Many candidates have been banned from participating in elections of Hong Kong. According to the government, these candidates were advocating a split from mainland China and not only this but they were also leading a pro-independence rally in the city.
In total five candidates has been rejected. These were pro-independence candidates and wanted to register in the election. Election commission rejected their request and said that it’s against Hong Kong’s mini constitution.
Critics have knocked the move as censorship as fears propagate over Beijing snooping in the semi-independent city in a variety of areas, from education to politics and media.
Thousands of supporters have gathered in the park near government’s harbor front headquarters in the evening of the past Friday.
They were seemed calmed and were sitting on the grass holding the hordings while the activists were speaking.
They commended as banned candidate Edward Leung, the leader of a new party Hong Kong Indigenous who is currently gaining a rising following.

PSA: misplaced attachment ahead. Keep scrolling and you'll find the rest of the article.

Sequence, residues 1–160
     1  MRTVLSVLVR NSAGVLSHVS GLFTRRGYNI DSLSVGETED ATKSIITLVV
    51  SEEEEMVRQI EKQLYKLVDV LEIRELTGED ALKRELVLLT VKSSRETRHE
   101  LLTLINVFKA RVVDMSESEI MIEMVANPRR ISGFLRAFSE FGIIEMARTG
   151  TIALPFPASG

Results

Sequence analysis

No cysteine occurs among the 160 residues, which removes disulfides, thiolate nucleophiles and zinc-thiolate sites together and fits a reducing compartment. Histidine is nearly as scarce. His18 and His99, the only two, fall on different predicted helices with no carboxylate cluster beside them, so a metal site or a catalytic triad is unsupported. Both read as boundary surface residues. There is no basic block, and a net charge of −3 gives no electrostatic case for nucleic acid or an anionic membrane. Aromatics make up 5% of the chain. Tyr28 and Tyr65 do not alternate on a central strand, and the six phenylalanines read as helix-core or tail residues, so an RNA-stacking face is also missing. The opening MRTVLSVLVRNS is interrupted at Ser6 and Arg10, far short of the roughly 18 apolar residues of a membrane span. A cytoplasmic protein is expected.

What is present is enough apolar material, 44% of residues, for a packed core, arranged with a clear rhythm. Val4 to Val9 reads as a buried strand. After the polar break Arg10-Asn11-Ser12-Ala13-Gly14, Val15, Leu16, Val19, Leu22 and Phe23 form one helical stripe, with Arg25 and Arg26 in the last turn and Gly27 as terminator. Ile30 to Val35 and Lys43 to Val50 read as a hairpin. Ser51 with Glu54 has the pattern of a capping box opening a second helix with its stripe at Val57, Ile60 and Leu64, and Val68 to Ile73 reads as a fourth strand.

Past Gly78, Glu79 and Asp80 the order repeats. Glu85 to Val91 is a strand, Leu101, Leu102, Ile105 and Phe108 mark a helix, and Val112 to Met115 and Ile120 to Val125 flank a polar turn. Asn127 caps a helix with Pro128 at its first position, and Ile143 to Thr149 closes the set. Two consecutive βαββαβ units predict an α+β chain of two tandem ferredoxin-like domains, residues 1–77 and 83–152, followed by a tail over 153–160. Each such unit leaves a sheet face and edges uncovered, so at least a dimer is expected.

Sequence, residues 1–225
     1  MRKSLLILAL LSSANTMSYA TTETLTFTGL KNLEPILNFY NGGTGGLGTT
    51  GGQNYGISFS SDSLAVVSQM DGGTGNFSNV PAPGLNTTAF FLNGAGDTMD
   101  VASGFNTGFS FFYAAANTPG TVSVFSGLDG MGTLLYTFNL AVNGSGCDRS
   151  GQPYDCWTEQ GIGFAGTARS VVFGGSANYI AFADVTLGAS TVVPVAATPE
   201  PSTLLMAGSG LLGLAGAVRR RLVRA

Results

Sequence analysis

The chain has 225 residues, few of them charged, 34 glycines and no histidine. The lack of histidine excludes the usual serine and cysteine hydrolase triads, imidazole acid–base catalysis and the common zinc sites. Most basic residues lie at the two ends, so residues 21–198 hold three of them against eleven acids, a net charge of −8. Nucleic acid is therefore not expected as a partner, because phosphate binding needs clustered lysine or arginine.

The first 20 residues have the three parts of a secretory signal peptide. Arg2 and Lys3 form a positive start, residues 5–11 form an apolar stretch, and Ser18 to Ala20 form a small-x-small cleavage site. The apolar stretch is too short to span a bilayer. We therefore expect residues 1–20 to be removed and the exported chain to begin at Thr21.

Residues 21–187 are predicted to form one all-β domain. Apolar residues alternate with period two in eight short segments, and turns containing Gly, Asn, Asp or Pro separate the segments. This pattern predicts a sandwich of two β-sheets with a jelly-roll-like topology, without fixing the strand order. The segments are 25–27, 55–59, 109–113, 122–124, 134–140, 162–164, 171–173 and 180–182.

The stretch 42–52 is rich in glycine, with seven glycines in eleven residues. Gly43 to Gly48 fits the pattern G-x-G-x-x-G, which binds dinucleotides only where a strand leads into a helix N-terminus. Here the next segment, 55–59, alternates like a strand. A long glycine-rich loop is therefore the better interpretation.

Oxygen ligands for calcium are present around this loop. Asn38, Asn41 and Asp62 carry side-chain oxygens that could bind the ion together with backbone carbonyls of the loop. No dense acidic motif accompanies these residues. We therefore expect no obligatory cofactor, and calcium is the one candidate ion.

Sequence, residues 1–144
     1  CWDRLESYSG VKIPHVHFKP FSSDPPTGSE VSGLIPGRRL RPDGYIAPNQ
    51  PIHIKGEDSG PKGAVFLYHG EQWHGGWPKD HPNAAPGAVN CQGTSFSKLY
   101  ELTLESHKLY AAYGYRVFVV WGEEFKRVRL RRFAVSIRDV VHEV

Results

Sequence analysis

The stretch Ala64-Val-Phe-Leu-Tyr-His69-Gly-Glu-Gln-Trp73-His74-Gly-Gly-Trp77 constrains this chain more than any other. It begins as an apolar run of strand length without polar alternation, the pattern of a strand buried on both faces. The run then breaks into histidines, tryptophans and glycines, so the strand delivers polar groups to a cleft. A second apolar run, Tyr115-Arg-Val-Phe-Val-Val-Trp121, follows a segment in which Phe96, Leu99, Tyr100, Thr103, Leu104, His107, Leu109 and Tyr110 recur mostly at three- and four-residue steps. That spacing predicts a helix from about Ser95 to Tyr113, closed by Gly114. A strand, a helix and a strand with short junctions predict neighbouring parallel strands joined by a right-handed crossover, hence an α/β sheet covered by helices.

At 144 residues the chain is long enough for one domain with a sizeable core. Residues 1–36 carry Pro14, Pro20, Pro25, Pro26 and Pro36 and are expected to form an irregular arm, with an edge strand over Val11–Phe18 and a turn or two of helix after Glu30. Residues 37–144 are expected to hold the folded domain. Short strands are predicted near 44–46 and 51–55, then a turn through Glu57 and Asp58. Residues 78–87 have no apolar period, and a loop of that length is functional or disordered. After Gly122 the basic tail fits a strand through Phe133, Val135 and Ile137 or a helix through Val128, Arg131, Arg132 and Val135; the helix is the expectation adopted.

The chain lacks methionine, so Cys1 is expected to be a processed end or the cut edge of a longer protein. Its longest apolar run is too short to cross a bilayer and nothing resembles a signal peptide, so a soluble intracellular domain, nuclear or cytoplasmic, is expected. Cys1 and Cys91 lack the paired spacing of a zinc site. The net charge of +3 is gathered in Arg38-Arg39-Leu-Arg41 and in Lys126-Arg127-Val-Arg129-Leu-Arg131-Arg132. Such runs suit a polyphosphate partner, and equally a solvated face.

“Hong Kong’s sovereignty does not belong to [Chinese President] Xi Jinping, does not belong to the authorities, and does not belong to the Hong Kong government. It belongs to the Hong Kong people,” Mr Leung said.
“Day by day our human rights … are taken away by the Hong Kong government and the Chinese government,” Protester Satomi Cheng told reporters.
Some recognized that independence was a duct dream in the face of a powerful Beijing, but said the city was running out of options.
“China has destroyed Hong Kong politics … we are supporting freedom and democracy,” said student Clayton Chow.
Andy Chan, who is the leader of the pro-independence Hong Kong National Party and was disqualified candidate, said “the rally was a chance to talk about the future.”
“We don’t want people to get hurt or arrested, so we want to start with a public meeting and hopefully it will be a healthy path for us to get stronger,” he said.